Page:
Perhaps the No. 1 question currently about the pandemic: Why is the United States lagging so far behind other industrialized nations in coronavirus testing, playing a key role in allowing the virus to take hold in 49 states and undermining any possibilities for containment? The answer, according to BuzzFlash, rests with the White House -- and Trump last Friday said private companies, such as Quest Diagnostics and LabCorp, will play leading roles in testing going forward. That, of course, will come after the virus already has reached crisis proportions. From the BuzzFlash report:
After it was widely reported that Tom Hanks and his wife were able to simply walk into a clinic in Australia with the symptoms of a common cold and instantly get a coronavirus test – which was positive – Americans are beginning to ask out loud, “Why can’t we get tested?“ According to President Obama‘s Ebola Czar (on Rachel Maddow‘s show), Ron Klain, Trump “privatized“ the testing here in the United States. Instead of taking the World Health Organization (WHO) test kits which are cheap and widely available all over the planet, and having them distributed across the country back in December, or January, or February when we knew this disease was spreading in the United States, Klain said that Trump has outsourced the testing to two big American companies, Quest and Labcorp. Trump’s head of HHS, Alex Azar, is the guy who doubled the price of insulin when he was CEO of Eli Lily company. Do he and Trump owns stock in these testing companies? Why are we refusing to accept the WHO test that the entire rest of the world is using? What the hell is going on here?
The private companies face tall orders because of the late start forced on them by the Trump administration, according to a report at Reuters:
The entry of commercial lab companies Laboratory Corporation of America Holdings and Quest Diagnostics Inc to help identify cases of the new coronavirus does not seem to be easing the burden of testing in the United States.
Boosting testing capacity is crucial to assessing the scope of the U.S. outbreak and identifying where it is spreading most rapidly. There are currently more than 1,300 documented cases of coronavirus in the country, according to data from Johns Hopkins University, but experts say the actual number may be much higher because of the scarcity of diagnostic tests. There have been at least 38 documented deaths so far.
Last Friday (3/6), President Donald Trump said that “anyone who wants a test, gets a test.” Nearly a week later, the ramp up appears much slower due to regulatory hurdles, as well as logistical and technical challenges, according to healthcare providers, public health officials and test makers.
LabCorp and Quest said they now have the capacity to conduct thousands of tests per day and that they have already begun testing individuals for the respiratory disease caused by the coronavirus, COVID-19. But patients, doctors and government officials say there is still a shortage.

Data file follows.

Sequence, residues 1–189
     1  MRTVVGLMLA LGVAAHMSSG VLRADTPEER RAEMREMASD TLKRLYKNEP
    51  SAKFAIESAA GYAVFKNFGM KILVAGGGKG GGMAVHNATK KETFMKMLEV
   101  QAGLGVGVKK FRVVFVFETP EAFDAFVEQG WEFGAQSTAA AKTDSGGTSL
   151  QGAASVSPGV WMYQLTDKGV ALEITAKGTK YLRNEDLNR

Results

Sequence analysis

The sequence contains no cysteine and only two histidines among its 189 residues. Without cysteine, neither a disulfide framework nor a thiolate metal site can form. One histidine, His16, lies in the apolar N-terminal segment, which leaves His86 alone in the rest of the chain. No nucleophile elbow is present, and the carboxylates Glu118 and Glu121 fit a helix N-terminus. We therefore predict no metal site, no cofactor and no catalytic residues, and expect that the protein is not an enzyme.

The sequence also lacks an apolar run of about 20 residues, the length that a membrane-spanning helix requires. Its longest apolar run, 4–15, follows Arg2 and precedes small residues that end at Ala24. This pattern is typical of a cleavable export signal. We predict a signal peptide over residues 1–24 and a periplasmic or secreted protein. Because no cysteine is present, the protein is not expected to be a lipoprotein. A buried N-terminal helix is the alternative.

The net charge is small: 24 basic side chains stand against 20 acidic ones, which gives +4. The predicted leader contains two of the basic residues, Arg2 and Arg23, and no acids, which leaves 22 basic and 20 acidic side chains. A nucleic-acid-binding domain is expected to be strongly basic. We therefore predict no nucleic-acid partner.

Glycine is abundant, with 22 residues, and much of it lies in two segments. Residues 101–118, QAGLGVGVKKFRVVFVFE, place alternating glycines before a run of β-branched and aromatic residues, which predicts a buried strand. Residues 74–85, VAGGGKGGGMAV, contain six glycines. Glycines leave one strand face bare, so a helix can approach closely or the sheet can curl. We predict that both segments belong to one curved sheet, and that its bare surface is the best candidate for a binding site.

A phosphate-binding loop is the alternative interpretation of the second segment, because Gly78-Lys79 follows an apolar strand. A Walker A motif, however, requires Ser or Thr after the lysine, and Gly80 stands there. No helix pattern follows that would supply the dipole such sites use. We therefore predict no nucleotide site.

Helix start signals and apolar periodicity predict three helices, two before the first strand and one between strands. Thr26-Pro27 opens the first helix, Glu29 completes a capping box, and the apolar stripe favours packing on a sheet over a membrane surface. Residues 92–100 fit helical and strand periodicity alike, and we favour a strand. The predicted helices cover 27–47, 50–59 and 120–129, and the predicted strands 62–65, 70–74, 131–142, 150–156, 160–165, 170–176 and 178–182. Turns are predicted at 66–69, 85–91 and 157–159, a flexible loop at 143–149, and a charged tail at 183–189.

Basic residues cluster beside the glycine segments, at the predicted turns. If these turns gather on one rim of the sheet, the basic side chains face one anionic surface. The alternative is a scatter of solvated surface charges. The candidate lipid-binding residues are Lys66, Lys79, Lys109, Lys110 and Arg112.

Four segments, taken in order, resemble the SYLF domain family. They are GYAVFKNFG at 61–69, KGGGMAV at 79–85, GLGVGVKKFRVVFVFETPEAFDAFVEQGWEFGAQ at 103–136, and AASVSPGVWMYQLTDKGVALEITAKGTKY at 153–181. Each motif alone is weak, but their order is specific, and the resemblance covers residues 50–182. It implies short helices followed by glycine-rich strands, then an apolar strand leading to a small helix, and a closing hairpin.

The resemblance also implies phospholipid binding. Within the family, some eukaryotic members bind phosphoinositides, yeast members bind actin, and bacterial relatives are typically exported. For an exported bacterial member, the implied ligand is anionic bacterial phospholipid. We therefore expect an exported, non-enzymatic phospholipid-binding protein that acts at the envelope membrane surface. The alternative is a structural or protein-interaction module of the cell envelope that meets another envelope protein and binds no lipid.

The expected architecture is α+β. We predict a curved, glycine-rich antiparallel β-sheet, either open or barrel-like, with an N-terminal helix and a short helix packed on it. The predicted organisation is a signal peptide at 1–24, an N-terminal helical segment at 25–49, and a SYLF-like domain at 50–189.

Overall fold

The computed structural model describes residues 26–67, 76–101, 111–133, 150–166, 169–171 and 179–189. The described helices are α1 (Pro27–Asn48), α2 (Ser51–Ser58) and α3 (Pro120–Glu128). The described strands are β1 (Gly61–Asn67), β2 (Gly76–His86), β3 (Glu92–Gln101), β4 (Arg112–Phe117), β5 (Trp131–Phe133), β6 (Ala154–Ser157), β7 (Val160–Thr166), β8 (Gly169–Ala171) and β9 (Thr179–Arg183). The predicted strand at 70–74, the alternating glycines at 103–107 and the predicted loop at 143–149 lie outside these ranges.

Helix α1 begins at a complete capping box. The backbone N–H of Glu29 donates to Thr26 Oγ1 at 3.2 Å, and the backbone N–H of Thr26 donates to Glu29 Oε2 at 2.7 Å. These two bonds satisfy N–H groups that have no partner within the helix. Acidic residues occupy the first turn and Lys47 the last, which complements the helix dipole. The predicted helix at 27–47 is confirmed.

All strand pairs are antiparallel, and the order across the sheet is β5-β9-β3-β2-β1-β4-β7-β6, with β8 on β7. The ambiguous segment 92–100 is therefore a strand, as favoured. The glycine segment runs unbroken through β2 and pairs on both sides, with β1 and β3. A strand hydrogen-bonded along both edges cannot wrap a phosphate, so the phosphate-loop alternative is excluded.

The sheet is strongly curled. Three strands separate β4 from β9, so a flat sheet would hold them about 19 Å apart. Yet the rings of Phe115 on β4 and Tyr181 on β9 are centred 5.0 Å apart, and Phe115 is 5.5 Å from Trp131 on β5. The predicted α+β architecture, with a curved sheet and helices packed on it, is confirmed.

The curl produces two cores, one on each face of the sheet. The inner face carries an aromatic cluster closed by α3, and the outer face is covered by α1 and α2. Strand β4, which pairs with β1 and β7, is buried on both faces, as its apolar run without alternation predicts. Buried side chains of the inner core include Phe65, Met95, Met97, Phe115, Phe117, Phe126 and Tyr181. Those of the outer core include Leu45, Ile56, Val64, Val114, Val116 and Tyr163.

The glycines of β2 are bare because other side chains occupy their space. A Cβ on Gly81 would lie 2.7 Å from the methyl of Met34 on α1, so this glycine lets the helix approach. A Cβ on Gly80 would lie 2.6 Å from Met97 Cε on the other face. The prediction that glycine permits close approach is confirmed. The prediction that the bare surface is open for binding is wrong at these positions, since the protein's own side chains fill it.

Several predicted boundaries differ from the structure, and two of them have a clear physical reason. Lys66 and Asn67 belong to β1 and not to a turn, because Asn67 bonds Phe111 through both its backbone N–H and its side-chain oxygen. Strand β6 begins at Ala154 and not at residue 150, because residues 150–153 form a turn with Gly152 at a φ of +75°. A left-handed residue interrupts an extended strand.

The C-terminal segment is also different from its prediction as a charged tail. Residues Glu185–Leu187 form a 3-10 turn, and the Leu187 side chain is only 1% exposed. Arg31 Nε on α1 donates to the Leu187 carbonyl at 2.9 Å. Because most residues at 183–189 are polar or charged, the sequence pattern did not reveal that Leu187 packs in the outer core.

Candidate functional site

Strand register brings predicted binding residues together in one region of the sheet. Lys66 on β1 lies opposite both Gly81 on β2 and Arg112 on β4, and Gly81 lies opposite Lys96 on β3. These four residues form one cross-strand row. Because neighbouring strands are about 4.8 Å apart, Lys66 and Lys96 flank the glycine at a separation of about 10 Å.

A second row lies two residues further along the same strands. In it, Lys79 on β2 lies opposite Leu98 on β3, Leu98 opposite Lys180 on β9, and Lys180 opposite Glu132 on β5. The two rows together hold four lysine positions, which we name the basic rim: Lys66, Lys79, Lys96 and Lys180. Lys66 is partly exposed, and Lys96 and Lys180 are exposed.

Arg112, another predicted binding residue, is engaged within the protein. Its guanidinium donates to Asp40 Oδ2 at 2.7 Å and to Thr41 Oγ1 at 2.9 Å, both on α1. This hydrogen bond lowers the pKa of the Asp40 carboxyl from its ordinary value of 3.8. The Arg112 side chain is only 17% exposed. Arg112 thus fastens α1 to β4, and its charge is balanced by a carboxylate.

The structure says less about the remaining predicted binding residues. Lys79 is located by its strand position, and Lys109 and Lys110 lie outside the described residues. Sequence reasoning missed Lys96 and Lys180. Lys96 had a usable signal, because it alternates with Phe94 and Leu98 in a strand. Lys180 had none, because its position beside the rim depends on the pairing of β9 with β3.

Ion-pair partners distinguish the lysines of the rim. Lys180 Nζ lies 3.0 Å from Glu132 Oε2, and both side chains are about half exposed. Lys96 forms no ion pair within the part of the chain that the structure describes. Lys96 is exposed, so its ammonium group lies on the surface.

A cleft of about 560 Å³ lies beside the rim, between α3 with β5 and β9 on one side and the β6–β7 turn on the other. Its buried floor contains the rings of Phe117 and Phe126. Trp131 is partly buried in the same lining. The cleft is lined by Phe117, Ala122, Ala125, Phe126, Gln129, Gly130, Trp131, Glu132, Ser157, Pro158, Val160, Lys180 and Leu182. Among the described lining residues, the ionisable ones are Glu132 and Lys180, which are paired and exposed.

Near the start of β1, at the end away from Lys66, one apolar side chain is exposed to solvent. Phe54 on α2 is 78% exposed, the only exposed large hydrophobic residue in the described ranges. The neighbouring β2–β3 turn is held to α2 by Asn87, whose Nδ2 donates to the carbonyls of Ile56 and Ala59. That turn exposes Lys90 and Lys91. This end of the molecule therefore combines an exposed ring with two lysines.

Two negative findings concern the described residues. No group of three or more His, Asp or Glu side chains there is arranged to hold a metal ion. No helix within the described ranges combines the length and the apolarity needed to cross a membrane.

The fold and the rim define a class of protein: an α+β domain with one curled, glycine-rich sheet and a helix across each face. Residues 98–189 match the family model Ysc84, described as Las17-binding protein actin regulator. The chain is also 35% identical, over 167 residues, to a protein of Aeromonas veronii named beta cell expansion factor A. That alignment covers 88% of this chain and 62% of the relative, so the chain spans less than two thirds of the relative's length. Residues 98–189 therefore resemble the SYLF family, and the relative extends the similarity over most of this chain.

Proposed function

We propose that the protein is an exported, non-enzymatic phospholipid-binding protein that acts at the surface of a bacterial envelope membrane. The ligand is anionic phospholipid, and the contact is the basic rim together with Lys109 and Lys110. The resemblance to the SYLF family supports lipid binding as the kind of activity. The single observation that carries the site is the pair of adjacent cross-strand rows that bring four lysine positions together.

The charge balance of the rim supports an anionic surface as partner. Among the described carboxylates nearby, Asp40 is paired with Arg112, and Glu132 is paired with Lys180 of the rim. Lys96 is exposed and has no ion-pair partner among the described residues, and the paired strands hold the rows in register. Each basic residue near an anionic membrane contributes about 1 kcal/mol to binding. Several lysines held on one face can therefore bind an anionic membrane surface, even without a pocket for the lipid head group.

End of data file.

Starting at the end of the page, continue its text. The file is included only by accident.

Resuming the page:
In a scathing report at The Atlantic, conservative writer David Frum says blame for severity of the outbreaks rests squarely with the White House:
At every turn, President Trump’s policy regarding coronavirus has unfolded as if guided by one rule: How can I make this crisis worse?
Presidents are not all-powerful, especially not in the case of pandemic disease. There are limits to what they can do, for good or ill. But within those limits, at every juncture, Trump’s actions have ensured the worst possible outcomes. The worst outcome for public health. The worst outcome for the American economy. The worst outcome for American global leadership. . . .
The financial markets have plunged into a 2008-style crash, auguring a recession, perhaps a severe one. The Trump administration has had almost two months to think about this crisis. It has trial-ballooned some ideas. But, of course, fiscal policy would require assent from the House of Representatives. Trump is still pouting at Speaker Nancy Pelosi. So—aside from some preposterously unconvincing happy talk about the economy—again: nothing.
With that, Frum was just getting warmed up. He then really lit into the Trump administration:
More people will get sick because of his presidency than if somebody else were in charge. More people will suffer the financial hardship of sickness because of his presidency than if somebody else were in charge. The medical crisis will arrive faster and last longer than if somebody else were in charge. So, too, the economic crisis. More people will lose their jobs than if somebody else were in charge. More businesses will be pushed into bankruptcy than if somebody else were in charge. More savers will lose more savings than if somebody else were in charge. The damage to America’s global leadership will be greater than if somebody else were in charge.
But hey, at least Quest Diagnostics and LabCorp will get to pad their bottom lines.